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A decision support mapper for conserving stream fish habitats of the Northeast Climate Science Center region


Wesley Daniel

Nick Sievert

Dana Infante

Joanna Whittier

Jana Stewart

Craig Paukert

Kyle Herreman

+2 more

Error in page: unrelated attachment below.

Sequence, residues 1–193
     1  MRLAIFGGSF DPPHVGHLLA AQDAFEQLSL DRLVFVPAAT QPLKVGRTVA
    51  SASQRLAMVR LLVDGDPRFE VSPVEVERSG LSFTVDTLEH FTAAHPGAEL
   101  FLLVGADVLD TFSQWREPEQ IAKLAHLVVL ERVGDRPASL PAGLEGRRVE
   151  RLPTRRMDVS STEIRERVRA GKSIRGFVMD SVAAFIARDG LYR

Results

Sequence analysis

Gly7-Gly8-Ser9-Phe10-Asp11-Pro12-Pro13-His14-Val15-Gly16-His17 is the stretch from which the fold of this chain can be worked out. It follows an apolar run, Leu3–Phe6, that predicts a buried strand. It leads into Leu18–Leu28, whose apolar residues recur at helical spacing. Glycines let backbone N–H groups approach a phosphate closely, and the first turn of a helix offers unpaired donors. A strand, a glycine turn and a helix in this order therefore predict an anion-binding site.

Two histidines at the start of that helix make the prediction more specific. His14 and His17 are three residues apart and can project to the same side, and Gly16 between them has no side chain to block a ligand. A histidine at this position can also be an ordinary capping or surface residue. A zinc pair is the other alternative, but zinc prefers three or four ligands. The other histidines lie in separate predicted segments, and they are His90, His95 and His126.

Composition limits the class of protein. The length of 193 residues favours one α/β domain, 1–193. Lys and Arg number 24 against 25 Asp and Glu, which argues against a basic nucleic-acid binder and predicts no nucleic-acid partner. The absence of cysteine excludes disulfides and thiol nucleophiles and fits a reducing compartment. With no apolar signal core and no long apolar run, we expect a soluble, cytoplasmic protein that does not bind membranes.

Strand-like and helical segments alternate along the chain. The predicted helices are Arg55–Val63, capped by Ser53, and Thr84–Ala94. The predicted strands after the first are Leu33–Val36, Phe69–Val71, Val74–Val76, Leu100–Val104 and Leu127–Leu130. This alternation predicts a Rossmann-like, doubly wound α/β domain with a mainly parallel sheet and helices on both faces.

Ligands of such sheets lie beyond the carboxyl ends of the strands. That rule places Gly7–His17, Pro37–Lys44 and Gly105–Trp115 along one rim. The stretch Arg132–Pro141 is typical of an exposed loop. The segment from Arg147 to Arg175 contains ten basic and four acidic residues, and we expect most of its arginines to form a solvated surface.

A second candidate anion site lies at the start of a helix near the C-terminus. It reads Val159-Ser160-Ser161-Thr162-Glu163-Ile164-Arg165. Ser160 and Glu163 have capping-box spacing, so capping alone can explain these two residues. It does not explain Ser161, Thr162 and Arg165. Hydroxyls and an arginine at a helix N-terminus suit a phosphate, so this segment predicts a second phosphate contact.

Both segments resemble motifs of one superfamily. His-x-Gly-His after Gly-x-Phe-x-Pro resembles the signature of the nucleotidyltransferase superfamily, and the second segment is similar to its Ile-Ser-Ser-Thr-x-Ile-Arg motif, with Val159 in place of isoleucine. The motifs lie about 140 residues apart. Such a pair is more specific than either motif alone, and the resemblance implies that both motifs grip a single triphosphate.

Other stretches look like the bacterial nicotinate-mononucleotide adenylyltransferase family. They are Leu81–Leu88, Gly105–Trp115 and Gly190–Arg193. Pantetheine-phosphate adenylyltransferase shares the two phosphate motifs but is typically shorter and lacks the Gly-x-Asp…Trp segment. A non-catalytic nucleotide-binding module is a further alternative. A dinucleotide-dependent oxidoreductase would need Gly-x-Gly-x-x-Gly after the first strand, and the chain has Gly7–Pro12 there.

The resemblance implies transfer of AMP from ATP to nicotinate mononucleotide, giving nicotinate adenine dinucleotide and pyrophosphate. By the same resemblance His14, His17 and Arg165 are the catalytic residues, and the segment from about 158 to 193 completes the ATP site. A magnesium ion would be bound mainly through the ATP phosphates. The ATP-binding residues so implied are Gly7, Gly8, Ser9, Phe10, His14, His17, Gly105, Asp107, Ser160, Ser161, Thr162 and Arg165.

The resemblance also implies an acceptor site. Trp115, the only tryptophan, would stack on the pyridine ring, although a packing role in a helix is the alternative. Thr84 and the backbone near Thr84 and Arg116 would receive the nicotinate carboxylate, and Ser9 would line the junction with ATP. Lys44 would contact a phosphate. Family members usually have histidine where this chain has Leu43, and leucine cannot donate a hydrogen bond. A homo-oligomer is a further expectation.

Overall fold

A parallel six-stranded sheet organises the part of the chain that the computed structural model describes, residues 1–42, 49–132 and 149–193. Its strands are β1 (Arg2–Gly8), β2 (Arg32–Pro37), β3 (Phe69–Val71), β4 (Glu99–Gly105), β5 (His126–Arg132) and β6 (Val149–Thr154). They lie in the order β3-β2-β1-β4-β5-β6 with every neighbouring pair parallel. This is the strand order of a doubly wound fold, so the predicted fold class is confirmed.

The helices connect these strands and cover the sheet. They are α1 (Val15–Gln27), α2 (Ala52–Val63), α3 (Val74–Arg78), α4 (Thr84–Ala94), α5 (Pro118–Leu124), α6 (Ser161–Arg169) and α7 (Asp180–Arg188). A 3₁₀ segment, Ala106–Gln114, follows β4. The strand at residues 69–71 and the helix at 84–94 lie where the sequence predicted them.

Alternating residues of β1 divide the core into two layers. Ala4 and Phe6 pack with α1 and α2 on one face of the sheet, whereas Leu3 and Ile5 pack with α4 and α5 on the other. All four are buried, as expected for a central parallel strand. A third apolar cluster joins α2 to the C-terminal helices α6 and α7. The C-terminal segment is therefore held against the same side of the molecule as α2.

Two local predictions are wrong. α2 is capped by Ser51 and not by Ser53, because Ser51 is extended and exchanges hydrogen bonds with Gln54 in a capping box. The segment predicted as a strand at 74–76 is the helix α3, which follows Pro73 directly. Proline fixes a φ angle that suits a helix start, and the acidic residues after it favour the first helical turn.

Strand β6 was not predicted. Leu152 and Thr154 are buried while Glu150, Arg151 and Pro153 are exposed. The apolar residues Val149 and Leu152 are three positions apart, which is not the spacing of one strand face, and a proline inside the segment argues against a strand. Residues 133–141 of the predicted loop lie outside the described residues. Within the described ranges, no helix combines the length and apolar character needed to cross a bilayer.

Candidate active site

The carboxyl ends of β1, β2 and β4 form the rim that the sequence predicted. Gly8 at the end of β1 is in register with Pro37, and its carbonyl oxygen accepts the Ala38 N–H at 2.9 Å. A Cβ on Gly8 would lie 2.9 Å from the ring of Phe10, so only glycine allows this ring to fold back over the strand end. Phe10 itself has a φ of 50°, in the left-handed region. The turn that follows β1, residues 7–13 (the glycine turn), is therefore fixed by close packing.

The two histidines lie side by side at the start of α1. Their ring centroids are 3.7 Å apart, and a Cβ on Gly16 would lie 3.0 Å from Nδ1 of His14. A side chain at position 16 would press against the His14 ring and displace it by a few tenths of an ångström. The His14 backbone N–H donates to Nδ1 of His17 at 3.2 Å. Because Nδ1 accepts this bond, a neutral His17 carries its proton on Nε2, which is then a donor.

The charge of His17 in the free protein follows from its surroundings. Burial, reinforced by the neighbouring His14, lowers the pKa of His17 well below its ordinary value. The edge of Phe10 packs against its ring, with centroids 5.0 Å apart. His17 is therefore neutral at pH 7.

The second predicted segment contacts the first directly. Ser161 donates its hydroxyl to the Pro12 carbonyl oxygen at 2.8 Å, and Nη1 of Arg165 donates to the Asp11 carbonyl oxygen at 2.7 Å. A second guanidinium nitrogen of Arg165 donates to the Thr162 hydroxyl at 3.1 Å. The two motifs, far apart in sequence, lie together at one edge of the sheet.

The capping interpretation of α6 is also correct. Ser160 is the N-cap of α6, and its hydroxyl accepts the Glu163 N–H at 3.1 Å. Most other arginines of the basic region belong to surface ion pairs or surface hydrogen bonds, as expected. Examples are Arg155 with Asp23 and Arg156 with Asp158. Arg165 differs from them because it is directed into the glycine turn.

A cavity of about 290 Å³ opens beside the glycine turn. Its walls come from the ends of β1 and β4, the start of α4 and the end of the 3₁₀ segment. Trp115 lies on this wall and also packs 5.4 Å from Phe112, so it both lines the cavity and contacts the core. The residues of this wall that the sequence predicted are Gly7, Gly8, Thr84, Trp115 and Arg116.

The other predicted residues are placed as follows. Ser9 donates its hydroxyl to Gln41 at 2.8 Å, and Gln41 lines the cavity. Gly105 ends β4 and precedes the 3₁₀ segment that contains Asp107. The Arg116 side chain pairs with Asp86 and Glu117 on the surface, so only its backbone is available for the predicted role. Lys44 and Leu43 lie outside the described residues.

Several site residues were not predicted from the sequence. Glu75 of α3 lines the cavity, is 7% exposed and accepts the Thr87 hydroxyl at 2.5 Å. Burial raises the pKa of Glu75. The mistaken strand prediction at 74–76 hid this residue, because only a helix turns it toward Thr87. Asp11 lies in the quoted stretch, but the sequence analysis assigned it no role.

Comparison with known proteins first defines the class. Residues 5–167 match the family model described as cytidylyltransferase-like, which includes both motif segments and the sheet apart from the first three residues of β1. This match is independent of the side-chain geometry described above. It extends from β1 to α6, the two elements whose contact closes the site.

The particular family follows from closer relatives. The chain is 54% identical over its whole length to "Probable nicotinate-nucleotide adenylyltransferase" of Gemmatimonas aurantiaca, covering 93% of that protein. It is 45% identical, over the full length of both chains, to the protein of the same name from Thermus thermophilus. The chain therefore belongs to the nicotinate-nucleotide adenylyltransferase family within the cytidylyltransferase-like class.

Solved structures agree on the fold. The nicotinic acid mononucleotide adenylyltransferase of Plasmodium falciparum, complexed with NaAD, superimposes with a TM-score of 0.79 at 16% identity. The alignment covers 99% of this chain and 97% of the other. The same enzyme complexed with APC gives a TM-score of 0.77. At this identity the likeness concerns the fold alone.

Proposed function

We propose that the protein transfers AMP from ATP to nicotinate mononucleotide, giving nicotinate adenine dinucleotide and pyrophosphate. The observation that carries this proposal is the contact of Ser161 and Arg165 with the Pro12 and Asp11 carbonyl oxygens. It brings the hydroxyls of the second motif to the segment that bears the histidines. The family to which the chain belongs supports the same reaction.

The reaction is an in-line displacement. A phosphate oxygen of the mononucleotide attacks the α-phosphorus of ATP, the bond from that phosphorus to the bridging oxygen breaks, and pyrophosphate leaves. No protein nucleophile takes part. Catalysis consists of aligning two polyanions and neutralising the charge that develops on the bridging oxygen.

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Human impacts occurring throughout the Northeast and Midwest United States, including urbanization, agriculture, and dams, have multiple effects on the region's streams which support economically valuable stream fishes. Changes in climate are expected to lead to additional impacts in stream habitats and fish assemblages in multiple ways, including changing stream water temperatures. To manage streams for current impacts and future changes, managers need region-wide information for decision-making and developing proactive management strategies. Our project met that need by integrating results of a current condition assessment of stream habitats based on fish response to human land use, water quality impairment, and fragmentation by dams and road crossings with estimates of which stream habitats may change in the future. Results are available for all streams in the NE CSC region through a spatially-explicit, web-based viewer (FishTail). With this tool, managers can evaluate how streams of interest are currently impacted by land uses and assess if those habitats may change with climate. These results, available in a comparable way throughout the NE CSC, provide natural resource managers, decision-makers, and the public with a wealth of information to better protect and conserve stream fishes and their habitats.